Published on May 8th, 2017 | by Chris O'Connor
The Dish Blu-ray Review
Summary: Australia's contribution to the Space Race told as only Australian's could tell it.
It would be hard to be Australian and not know of Working Dog, the team comprised of the core members of the, dare I say it, legendary D-Generation. The team have gone from their sketch comedy days to film production and more recently mostly TV work. But they have made their impact in each form of entertainment they have had a crack at. Whilst some would say The Castle is their crowning glory, personally I think that has dated somewhat. For me The Dish is their best film… it stands above the rest!
The brief story behind it is that Australia actually played a major role in the telecast of Mankind’s first steps on the moon. Due to where the signal was going to be received at set times during the mission, Australia was in the prime receiving position for that signal and it just so happened we were in the position to receive the signal when Neil Armstrong first set foot on the moon. Our job was to receive the broadcast and then send it on to NASA who would then relay it from their to everywhere else (essentially). But it wasn’t quite that easy… as The Dish shows, the weather was not entirely on our side.
There are few moments in history (at least modern history) that have been so pivotal to humankind as that first step on the moon… or even the space race in general. Whilst it is easy to think of it as America setting down on the moon and giving them all the glory… the truth is it really was an international effort and one that helped to bring the world together. The Dish breaks that down into just our small town of Parkes (home of The Dish) and how it brought that community together and really put it on the world map.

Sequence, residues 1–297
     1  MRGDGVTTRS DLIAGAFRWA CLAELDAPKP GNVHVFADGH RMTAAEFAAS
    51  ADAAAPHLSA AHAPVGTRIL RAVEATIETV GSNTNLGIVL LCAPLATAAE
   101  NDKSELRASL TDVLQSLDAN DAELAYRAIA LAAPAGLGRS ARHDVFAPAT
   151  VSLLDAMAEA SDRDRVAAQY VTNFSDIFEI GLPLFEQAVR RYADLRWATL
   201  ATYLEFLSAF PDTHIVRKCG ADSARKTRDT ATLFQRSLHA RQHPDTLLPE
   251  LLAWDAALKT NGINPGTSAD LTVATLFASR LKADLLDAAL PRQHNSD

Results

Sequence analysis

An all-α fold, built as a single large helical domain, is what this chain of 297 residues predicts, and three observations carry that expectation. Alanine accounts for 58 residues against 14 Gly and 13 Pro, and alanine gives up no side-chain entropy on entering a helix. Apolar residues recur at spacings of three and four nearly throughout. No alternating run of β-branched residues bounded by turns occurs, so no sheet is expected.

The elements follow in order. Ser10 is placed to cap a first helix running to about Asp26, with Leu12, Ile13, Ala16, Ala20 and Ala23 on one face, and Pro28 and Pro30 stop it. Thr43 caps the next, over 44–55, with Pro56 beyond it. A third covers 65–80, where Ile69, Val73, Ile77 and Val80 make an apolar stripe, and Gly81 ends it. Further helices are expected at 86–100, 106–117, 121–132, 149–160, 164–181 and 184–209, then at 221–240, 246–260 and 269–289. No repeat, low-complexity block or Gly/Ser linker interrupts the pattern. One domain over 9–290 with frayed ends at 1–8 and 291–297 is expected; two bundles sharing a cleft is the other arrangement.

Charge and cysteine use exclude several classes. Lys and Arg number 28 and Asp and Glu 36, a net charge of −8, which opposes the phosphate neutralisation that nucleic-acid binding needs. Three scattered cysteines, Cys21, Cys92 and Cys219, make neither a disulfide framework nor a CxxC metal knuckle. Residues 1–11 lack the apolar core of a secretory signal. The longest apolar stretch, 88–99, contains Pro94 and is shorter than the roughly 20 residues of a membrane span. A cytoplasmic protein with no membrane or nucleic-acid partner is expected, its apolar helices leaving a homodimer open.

There is no question that this film is a strong ensemble piece and it’s possibly more my personal bias but I feel as though Sam Neil as Cliff Buxton holds the thing together in more ways than one. As the head of local team he is tasked with making sure the operation goes off without a hitch… to do so means playing a father figure to his work mates and helping keep the mood calm. But as they say behind every great man is an even greater woman and that could be said here also by way of quotes Cliff has from his late wife.
I would be remiss not to mention Kevin Harrington as Ross “Mitch” Mitchell who really does have some show stealing lines and scenes. Throwing Australianisms at the NASA man Al Burnett (played by Patrick Warburton) sent to help make sure everything goes smoothly results in quite a few giggles.
As for the quality of the disc… it’s decent, but there are some scenes that who I suspect the limitations of the filming medium of the day rather than anything else. Certain images do come across as a bit overly grainy and scratchy whilst others are quite fine. There is also a great example of how different the Australian independent film industry is in terms of production of extra features. Though it may well be simply a result of the era it was created, the extra featurette suffers from full frame, presumably filmed on a home video camera quality images… but it does get the points across very well and is very interesting. I was a little disappointed that there weren’t more extras as I believe a DVD release some years ago came with archival footage and a number of other bonus features. I would have loved those extra features… but The Dish is always going to be a good addition to your collection either way.